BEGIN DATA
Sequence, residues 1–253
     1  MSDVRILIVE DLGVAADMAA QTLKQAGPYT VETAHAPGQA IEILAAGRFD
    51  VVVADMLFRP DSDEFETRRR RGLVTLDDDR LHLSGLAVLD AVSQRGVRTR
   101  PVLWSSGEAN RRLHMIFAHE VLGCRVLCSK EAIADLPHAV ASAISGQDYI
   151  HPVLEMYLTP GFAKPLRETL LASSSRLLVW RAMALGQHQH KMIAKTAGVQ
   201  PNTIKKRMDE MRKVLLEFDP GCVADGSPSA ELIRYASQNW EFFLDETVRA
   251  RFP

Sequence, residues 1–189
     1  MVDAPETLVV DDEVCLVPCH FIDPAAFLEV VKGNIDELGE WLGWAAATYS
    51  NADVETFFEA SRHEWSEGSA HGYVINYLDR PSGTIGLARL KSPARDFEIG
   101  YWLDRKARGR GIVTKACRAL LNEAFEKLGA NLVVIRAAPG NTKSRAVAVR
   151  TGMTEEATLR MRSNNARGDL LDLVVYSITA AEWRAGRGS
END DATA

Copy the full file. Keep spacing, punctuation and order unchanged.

Sequence, residues 1–253
     1  MSDVRILIVE DLGVAADMAA QTLKQAGPYT VETAHAPGQA IEILAAGRFD
    51  VVVADMLFRP DSDEFETRRR RGLVTLDDDR LHLSGLAVLD AVSQRGVRTR
   101  PVLWSSGEAN RRLHMIFAHE VLGCRVLCSK EAIADLPHAV ASAISGQDYI
   151  HPVLEMYLTP GFAKPLRETL LASSSRLLVW RAMALGQHQH KMIAKTAGVQ
   201  PNTIKKRMDE MRKVLLEFDP GCVADGSPSA ELIRYASQNW EFFLDETVRA
   251  RFP

Sequence, residues 1–189
     1  MVDAPETLVV DDEVCLVPCH FIDPAAFLEV VKGNIDELGE WLGWAAATYS
    51  NADVETFFEA SRHEWSEGSA HGYVINYLDR PSGTIGLARL KSPARDFEIG
   101  YWLDRKARGR GIVTKACRAL LNEAFEKLGA NLVVIRAAPG NTKSRAVAVR
   151  TGMTEEATLR MRSNNARGDL LDLVVYSITA AEWRAGRGS